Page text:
What if Frozen is the new Sex and the City?
|Queen Elsa and Princess Anna in Disney animated feature Frozen. Source: Internet|
Finally. I've watched Frozen.
I'm a fan of animation particularly those from Japan. But when it comes to Disney animated films, there's always this love-hate relationship going on between us.
On one hand, I admit that I enjoy fairy tales for they are easy, sweet and lift me up even on the worst possible day with a glimpse of hope, that miracles will happen eventually if the right ingredients are in place.
But on the other, the theme of princess-got-rescued-by-prince-charming-and-live-happily-everafter stemmed in many Disney cartoons is simply toxic. Little girls dream of themselves as princesses and all they have to do is to look pretty and then one day, prince charming comes along, rescues them from all the problems, and they will live happily ever after. And as for the boys, they have no choice but to grow up to become the prince charming and to rescue pretty girls whom they barely know. The notion of living happily ever after is the worst. For those of us who have been in and out of relationships, finding a partner is not the end but the beginning of a new chapter of the bittersweet life story. A relationship is not about dating someone who showers you with all grand romantic gestures and sweep your feet off the ground. A relationship is about living the reality and it requires a lot of work.
So when I see department stores' children section is crowded with (ugly) merchandises of Frozen, and my Facebook feeds are full of friends' daughters dressing up as Princess/ Queen Elsa, my guard is up. What has Disney done this time around? Why are the little girls so crazy about Frozen? Is it simply because of the pretty blonde princess who is gifted with the magical power of freezing everything off? Or is it because of some subliminal messages in theme song Let It Go (I much prefer the parody version Fuck It All actually) that have secretly gotten all little girls hooked? The more I think about these unresolved questions, the more I reject watching this Disney offering.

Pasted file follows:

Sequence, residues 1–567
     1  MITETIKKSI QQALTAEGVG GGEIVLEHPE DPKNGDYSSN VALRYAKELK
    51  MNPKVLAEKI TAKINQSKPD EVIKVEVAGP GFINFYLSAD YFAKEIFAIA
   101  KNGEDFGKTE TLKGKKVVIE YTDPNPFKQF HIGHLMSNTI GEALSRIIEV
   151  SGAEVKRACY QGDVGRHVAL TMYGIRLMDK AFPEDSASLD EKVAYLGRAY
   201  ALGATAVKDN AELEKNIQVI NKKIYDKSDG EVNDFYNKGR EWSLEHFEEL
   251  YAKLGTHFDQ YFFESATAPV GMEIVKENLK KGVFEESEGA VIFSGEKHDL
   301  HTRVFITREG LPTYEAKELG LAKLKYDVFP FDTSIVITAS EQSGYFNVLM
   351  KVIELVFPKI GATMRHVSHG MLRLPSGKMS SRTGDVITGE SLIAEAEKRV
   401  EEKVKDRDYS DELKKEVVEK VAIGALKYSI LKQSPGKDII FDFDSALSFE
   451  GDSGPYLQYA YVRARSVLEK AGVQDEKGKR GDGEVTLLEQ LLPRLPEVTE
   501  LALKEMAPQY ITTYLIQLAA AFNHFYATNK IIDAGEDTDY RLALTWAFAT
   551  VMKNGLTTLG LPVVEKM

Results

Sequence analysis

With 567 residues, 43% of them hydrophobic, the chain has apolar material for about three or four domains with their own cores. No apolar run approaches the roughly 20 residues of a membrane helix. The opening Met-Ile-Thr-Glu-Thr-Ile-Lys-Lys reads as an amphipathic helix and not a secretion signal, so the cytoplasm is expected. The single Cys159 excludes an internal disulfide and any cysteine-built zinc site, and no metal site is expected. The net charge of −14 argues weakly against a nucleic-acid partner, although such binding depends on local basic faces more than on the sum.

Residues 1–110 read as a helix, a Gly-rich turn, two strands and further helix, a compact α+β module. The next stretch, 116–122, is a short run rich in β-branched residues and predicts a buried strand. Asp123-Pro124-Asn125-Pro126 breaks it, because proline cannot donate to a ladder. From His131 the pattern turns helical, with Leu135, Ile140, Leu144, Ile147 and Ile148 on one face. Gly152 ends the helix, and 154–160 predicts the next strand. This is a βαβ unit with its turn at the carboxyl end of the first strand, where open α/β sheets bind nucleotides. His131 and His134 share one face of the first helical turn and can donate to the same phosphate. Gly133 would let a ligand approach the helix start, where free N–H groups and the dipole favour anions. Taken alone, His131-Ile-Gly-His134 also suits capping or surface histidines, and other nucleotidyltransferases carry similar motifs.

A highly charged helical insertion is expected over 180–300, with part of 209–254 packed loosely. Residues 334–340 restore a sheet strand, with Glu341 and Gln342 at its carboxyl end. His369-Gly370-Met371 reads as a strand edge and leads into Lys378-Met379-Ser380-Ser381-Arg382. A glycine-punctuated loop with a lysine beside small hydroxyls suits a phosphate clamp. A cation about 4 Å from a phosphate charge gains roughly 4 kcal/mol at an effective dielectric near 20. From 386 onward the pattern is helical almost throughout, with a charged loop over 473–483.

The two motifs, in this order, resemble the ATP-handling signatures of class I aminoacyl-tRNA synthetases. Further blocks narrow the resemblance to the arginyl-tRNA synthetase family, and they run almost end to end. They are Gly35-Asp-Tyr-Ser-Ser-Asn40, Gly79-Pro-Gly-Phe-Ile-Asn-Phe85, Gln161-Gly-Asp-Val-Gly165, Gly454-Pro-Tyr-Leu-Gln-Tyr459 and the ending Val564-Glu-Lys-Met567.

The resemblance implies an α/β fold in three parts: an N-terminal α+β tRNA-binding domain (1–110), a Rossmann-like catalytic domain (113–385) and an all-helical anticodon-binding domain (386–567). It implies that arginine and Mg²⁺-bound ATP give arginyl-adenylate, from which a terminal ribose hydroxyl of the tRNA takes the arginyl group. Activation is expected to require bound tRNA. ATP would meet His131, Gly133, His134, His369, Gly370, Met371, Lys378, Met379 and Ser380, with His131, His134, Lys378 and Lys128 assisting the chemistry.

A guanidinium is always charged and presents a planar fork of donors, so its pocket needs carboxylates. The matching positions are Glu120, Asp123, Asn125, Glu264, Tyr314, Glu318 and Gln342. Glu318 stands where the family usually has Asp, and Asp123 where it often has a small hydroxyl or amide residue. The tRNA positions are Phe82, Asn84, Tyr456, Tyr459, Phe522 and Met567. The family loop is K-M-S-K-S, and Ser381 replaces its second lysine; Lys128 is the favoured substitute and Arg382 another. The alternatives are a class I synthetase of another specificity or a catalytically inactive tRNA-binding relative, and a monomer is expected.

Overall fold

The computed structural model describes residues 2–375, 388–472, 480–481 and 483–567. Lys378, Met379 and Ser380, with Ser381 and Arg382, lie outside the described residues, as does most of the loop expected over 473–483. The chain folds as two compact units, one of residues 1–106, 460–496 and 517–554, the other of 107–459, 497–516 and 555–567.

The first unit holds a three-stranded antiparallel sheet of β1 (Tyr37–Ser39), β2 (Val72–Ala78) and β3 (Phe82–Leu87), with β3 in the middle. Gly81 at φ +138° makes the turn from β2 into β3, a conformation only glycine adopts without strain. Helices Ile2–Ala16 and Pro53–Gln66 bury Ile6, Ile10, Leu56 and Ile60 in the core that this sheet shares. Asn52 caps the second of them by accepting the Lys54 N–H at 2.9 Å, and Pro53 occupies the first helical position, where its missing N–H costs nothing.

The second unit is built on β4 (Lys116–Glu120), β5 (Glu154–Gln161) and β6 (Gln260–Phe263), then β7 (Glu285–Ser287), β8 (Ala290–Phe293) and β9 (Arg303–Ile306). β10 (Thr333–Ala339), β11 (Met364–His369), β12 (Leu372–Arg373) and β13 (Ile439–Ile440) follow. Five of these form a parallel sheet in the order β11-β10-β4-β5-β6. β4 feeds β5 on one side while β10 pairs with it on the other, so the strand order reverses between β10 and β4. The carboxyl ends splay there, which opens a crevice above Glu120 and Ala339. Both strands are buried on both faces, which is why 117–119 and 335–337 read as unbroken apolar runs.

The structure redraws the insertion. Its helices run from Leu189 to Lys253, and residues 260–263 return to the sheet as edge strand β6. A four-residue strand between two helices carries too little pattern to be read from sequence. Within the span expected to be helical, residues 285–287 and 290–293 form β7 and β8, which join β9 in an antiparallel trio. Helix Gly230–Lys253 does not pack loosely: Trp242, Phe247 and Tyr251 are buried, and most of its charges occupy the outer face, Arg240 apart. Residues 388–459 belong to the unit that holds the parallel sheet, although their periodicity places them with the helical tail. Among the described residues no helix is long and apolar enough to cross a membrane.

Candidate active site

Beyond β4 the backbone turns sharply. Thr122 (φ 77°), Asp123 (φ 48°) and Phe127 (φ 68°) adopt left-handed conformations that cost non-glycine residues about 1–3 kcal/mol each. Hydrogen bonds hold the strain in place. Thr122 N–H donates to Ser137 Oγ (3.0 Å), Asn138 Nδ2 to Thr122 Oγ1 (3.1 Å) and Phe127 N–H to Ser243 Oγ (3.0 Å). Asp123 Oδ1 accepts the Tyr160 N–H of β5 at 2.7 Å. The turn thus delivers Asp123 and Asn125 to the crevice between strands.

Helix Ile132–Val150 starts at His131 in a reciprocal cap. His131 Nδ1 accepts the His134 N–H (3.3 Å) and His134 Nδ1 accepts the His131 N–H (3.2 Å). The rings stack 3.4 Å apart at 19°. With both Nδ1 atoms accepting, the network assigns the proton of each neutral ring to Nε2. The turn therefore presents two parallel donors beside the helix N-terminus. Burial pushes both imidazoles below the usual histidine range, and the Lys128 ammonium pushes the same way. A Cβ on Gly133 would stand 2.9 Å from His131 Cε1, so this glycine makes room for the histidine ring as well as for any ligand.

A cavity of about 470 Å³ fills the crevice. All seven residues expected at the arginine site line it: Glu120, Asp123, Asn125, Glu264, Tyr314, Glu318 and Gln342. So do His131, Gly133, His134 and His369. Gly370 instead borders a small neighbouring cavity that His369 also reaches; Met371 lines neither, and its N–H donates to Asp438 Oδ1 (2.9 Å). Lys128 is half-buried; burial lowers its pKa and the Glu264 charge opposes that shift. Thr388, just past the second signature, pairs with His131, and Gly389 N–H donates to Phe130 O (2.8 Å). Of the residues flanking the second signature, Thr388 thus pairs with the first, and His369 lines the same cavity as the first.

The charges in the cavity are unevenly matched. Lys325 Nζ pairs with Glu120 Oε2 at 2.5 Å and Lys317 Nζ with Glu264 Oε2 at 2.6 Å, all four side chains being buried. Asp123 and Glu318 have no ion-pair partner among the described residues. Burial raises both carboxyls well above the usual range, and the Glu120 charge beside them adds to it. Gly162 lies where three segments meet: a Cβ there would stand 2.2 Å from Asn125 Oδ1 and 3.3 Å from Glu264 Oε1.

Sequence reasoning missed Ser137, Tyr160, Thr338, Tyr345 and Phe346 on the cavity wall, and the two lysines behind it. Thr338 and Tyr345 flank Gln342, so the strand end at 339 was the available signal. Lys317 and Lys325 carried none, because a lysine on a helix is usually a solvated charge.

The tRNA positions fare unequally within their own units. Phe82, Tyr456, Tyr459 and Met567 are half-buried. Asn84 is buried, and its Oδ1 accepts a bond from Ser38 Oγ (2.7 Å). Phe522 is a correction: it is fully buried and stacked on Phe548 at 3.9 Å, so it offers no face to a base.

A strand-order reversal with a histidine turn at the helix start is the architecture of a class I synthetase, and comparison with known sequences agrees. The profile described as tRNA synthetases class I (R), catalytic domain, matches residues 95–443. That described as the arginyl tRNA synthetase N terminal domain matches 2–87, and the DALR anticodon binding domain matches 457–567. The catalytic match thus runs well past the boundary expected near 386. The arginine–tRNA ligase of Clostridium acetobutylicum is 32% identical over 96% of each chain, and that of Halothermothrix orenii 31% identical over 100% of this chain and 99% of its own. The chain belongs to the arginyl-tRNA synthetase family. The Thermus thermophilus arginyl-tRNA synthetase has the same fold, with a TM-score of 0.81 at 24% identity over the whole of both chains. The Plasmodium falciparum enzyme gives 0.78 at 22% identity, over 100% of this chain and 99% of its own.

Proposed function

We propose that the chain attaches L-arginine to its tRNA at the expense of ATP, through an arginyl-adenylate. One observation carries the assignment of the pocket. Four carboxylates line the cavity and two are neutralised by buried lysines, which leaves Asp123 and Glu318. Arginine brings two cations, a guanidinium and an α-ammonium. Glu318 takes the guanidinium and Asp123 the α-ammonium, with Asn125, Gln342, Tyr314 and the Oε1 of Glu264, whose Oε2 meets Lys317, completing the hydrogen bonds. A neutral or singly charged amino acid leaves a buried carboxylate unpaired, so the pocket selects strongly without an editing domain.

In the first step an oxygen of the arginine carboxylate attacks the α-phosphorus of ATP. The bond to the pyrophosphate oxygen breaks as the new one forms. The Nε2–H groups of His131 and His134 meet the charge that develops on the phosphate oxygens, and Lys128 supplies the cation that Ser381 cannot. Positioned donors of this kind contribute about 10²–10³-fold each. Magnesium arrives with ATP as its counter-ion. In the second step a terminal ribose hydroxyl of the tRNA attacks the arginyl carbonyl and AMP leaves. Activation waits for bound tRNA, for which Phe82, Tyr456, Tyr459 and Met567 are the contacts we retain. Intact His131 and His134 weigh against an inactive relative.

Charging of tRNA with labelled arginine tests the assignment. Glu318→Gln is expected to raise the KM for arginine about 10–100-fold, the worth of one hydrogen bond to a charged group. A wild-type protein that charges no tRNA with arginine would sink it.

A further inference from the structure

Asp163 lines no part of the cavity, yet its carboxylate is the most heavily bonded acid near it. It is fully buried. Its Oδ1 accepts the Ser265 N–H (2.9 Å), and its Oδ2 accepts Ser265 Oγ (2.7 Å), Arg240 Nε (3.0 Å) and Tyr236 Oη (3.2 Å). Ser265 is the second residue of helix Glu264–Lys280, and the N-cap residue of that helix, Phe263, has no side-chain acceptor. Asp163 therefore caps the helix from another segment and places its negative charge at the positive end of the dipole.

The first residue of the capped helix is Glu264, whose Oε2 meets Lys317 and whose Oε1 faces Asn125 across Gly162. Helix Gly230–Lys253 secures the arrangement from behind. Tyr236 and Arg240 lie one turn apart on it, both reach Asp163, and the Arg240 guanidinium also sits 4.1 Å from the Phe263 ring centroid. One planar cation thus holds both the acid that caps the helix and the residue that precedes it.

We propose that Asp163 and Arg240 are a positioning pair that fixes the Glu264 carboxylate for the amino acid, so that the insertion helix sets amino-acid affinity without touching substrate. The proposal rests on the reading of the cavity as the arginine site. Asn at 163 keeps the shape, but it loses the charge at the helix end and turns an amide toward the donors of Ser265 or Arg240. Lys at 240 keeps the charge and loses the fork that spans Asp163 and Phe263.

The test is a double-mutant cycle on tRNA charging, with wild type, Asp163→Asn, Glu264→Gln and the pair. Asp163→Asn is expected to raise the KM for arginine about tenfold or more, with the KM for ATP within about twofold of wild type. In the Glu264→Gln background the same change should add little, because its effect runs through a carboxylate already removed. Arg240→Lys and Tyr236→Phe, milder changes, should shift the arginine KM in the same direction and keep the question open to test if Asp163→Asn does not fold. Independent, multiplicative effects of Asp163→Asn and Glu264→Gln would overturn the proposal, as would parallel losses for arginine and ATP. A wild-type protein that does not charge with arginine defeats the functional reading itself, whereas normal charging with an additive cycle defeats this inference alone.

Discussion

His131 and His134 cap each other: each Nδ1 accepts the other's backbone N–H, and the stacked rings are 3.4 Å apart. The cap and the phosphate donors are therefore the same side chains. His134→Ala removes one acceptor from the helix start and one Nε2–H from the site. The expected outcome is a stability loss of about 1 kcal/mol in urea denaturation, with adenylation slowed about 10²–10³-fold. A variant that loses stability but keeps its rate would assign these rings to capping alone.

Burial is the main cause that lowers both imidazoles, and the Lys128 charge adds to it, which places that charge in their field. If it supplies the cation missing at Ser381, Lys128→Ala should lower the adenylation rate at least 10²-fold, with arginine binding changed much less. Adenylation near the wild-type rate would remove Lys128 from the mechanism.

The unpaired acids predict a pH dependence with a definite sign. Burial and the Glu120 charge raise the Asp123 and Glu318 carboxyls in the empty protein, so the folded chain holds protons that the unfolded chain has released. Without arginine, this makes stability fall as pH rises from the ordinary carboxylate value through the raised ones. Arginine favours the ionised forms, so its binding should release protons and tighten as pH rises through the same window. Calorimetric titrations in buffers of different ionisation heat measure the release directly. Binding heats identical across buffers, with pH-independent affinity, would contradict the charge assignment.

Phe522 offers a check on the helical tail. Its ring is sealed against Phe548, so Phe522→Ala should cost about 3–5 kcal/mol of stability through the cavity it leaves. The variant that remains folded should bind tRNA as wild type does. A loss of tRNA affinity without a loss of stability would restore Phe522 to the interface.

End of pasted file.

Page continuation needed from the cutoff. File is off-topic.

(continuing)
Thus for two years since it was released, I still had not touched it, until a recent long haul flight.
The lacklustre offerings in the in-flight entertainment system somehow directed me to click of Frozen. It was the end of 2015 and I thought, well, as a journalist who seeks the truth of everything, I should watch it before I hate it.
So in the name of research, I brought my sceptical self to watch this movie I have been hating for no reason, and my perception swung to opposite end of the pole afterwards.
I'm not going into the details of plot, as everything is available here. What this Disney feature surprised me was the emphasis of girl power and sisterhood, and a new (and relatively correct) rendition of true love.
Girl power was touched upon in Disney's previous offering Tangled (which, I admit, I enjoyed very much), in which Rapunzel plays some kind of a heroine and rescues her lover in the end. Frozen takes this heroine character further: Elsa finally comes to terms with herself - fucks it all to just be herself, despite she is seen as a freak.
But while all the little girls are obsessed with Elsa, her younger sister Anna is the real protagonist and heroine. The naive younger princess meets prince charming who sweeps her feet off the ground, but it turns out the prince is a fraud. She thinks the act of true love is a kiss that will save her life - just like how it has been portrayed in Snow White or Sleeping Beauty - but the act of true love is not confined to just romantic love, but the love of sisterhood. She meets a brave boy who accompanies her quest to find her lost sister Snow Queen, and although the boy (seems) to love her, he is just making her life better, a bonus to her life, rather than the centre of her life.
If this is a lesson from Frozen, I can't help but associating this with the earlier seasons of Sex and the City, which is about the friendship of four women (sisterhood) in their quest for love from a man. The prince charming might be their goal, but it is the sisterhood that stays with them regardless of who the man is. They don't need prince charming to survive. Prince charming is just a bonus to their already fabulous lives.
I don't know what young girls have learnt from Frozen, or if the girl power is what draws them to this Disney feature. But if this is the case, then I suppose Disney might have finally done a good deed.